[RPG] Can a charmed person harm their charmer with Burning Hands


If a creature is under the condition Charmed, can they cast the spell Burning Hands and orient the cone such that their charmer is within the area of effect?

The argument I've seen for "yes" is that Burning Hands is not an attack by the definition in Chapter 9, and creatures within an AOE are not targeted by the spell. Is this correct?



  • A charmed creature can’t attack the charmer or target the charmer with harmful abilities or magical effects.

Basic Rules V.0.3, Appendix A, pg. 105 (emphasis mine)

Burning Hands
1st-level evocation
Casting Time: 1 action
Range: Self (15-foot cone)

Basic Rules, V.0.3, Chapter 11, pg. 85 (emphasis mine)

If there’s ever any question whether something you’re doing counts as an attack, the rule is simple: if you’re making an attack roll, you’re making an attack.

Basic Rules V.0.3, Chapter 9, pg. 73

A typical spell requires you to pick one or more targets to be affected by the spell's magic. A spell's description tells you whether the spell targets creatures, objects, or the point of origin for an area of effect.

Basic Rules V.0.3, Chapter 10, pg. 80 (emphasis mine)

Spells such as burning hands and cone of cold cover an area, allowing them to affect multiple creatures at once.

A spell’s description specifies its area of effect, which typically has one of five different shapes: cone, cube, cylinder, line, or sphere. Every area of effect has a point of origin

Basic Rules V.0.3, Chapter 10, pg. 80 (emphasis mine)

Best Answer

No, burning hands targets the creatures in its AOE

Burning hands is noted as having targets specifically in the DMG

The DMG specifically calls out the creatures affected by burning hands to be targets in an example:

For example, if a wizard directs burning hands (a 15-foot cone) at a nearby group of orcs, you could use the table and say that two orcs are targeted...

In the PHB there is even more support for the fact that creatures in an AOE are intended to be considered targets (more generally):

If a spell or other effect deals damage to more than one target at the same time, roll the damage once for all of them. For example, when a wizard casts fireball or a cleric casts flame strike, the spell’s damage is rolled once for all creatures caught in the blast.

Flame strike is a cylindrical AOE spell that does not call the creatures caught in its affect "targets". However, the rules here clearly designate those same creatures as targets regardless.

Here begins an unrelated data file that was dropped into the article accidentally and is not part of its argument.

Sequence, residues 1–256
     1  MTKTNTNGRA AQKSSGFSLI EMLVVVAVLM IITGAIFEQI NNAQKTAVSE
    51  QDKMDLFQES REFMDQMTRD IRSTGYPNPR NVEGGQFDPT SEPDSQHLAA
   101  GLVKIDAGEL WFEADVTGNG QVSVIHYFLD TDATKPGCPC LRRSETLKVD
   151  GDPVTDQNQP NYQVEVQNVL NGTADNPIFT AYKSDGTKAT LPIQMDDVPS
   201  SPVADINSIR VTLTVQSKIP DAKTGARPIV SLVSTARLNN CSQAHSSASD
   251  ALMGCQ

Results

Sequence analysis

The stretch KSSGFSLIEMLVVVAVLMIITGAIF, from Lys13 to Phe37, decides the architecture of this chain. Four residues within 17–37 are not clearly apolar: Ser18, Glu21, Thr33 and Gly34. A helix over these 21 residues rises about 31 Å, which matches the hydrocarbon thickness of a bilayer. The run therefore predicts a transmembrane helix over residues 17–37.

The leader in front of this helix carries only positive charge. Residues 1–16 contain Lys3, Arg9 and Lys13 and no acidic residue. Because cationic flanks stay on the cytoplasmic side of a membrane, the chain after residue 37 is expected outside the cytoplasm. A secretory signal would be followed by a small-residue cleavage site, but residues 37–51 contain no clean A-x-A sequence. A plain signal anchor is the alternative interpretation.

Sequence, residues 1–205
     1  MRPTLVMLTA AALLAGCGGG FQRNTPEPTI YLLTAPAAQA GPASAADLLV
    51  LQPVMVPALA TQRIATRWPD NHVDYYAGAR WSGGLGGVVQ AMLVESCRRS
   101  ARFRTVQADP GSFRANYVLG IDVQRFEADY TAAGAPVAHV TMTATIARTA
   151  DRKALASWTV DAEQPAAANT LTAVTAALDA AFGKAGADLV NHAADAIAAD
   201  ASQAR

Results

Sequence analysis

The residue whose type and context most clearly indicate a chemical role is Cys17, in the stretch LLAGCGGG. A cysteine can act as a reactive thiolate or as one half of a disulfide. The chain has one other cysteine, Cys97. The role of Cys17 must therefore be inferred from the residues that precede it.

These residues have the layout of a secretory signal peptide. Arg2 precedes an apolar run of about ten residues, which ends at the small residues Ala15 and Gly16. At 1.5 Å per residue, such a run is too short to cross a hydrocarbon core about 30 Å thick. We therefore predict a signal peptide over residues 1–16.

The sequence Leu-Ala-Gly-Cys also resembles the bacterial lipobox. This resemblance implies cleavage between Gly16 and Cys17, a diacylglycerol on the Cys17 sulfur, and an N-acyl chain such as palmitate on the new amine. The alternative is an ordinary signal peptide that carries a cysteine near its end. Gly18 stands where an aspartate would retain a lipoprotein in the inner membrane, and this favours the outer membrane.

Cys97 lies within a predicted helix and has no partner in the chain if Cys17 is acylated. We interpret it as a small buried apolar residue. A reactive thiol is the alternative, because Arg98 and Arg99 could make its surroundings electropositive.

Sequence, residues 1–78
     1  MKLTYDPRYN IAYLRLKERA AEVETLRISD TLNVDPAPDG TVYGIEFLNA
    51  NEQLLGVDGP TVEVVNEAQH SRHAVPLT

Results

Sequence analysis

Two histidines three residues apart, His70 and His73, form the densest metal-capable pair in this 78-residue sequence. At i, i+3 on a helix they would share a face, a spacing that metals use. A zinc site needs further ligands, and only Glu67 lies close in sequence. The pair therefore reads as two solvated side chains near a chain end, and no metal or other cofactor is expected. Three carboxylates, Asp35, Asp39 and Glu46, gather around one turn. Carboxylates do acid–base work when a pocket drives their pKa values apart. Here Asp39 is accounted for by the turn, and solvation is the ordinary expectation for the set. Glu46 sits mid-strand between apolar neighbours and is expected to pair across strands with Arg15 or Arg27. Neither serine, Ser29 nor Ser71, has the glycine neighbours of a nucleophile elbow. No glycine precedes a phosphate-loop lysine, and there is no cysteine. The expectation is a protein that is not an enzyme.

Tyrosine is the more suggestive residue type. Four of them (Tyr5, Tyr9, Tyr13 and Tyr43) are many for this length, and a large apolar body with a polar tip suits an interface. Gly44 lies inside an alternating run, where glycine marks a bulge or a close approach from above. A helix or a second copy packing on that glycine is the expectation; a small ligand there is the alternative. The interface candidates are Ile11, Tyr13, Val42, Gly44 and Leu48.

Either way, the rules are clear: Creatures caught in burning hands' AOE are targets. And since the charmed creature would be targeting the charmer with a harmful spell effect, this is not allowed.

The Rules As Intended agree

Jeremy Crawford also seems to agree with this conclusion:

Dragon's breath has two sets of targets: the creature you give the breath weapon to and the creatures in the area of effect created by the spell.

Dragon's breath is a touch spell that does not specify in its effects that the creatures in the AOE are targets explicitly (just like burning hands). But according to Crawford, the intent is that those creatures are considered targets of the spell.

Also he gives more support here:

A typical area of effect has more than one target: the effect's point of origin and one or more creatures/objects.

The cheese factor

The point of the charmed condition is that the creature views the charmer as a friend and cannot/does not want to do any harm to them. As such, this whole argument seems like a really cheesy way to get out of the intent of this condition.

A charmed creature can’t attack the charmer or target the charmer with harmful abilities or magical effects.

Why is the character wanting to hurt the charmer in the first place? How does the charmed character justify deciding to purposely hurt their "friend"? How does the character know that this spell will work and not others?

As such, regardless of RAW above, I would not allow a player to purposefully pull off this idea at my table.

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